When reading a story, the reader often thinks he or she knows which group a character belongs to. This first impression is decisive for the assignment to the good and evil characters. But is it really so obvious? Is it not possible that a character changes in the course of the story, that the reader has to change his judgement about the character? The answer has to be "Yes"! Only very few characters are really stable and have only good or bad traits. But in most cases we have ambiguous ones with a mixture of good and evil traits, Sirius Black for example.

In the past, Black was the best friend of James Potter, Harry's father. They were at school together and trusted each other without hesitation. After school, Black became the Secret-Keeper of the Potters[19] to protect them from Lord Voldemort. Until this point in time, the reader would talk of Sirius Black as a good and honest character who never did harm to anybody. But as turns out a few moments later, he betrayed the Potters by playing a double-agent role:[20] In the presence of the Potters he pretended to be a friend and Harry's godfather but in their absence he revealed their hiding place to Lord Voldemort and later killed several people. So he turned out to be an evil character who offended the norms of the wizard society. As punishment and sanction he was taken to Azkaban, a prison where only really evil persons have to go.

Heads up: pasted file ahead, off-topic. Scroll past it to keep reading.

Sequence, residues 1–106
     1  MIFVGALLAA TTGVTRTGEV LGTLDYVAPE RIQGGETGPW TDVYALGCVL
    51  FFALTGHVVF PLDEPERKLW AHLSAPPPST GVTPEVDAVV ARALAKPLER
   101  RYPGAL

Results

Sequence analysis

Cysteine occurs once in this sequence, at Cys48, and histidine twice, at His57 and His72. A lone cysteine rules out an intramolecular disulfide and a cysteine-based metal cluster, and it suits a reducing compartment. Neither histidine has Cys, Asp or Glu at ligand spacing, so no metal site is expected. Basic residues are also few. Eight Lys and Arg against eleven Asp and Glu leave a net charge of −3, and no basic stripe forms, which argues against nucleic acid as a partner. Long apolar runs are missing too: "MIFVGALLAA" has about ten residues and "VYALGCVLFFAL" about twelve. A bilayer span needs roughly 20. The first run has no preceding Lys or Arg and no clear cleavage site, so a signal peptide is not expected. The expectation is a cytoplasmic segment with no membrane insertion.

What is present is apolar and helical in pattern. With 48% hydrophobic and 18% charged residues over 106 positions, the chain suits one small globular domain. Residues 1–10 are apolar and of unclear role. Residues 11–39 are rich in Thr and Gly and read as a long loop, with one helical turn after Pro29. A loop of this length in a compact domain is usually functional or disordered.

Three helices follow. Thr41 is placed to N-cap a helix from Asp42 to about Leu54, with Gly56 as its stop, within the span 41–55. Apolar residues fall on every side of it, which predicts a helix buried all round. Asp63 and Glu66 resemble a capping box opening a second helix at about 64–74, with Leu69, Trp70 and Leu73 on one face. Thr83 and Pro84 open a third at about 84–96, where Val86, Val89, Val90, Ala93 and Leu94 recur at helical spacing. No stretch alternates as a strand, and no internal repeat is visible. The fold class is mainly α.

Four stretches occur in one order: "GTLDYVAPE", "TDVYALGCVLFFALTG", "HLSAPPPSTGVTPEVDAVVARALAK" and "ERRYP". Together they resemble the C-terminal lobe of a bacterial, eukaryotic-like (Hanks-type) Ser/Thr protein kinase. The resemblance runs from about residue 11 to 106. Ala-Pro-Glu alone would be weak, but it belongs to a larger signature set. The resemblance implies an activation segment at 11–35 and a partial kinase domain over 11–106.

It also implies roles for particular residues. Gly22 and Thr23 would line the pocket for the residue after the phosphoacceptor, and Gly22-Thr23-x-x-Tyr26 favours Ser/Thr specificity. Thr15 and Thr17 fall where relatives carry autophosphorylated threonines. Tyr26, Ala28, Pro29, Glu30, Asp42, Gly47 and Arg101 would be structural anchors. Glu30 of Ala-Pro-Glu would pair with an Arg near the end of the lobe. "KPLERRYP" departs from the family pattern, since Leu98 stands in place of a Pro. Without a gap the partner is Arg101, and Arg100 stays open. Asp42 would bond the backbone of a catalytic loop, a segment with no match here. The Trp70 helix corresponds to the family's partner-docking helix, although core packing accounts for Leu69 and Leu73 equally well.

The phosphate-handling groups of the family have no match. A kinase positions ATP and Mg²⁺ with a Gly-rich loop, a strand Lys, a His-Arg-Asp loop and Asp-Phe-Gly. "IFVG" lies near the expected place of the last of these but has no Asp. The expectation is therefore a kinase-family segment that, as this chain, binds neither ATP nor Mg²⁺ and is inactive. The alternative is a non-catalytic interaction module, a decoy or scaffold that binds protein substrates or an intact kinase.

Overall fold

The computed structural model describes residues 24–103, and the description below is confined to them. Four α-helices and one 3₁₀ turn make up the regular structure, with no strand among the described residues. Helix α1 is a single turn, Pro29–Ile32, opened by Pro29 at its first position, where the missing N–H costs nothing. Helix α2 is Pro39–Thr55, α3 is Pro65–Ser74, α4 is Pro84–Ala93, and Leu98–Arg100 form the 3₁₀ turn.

[...]


[1] See Rudolf Eisler, ed. Wörterbuch der philosophischen Begriffe 1, 4th ed. (Berlin: Mittler und Sohn, 1927), p. 227.

[2] See Ester S. Buchholz and Joshua K. Mandel, "Reaching for Virtue, Stumbling on Sin: Concepts of Good and Evil in a Postmodern Era.", Journal of Religion and Health 39.2, (2000): p. 130.

[3] Ibid., p. 129.

[4] See Robert Audi, ed. The Cambridge Dictionary of Philosophy (Cambridge: University Press, 1995), p. 610.

[5] Ester S. Buchholz and Joshua K. Mandel. "Reaching for Virtue, Stumbling on Sin: Concepts of Good and Evil in a Postmodern Era.", Journal of Religion and Health 39.2, (2000): p. 138.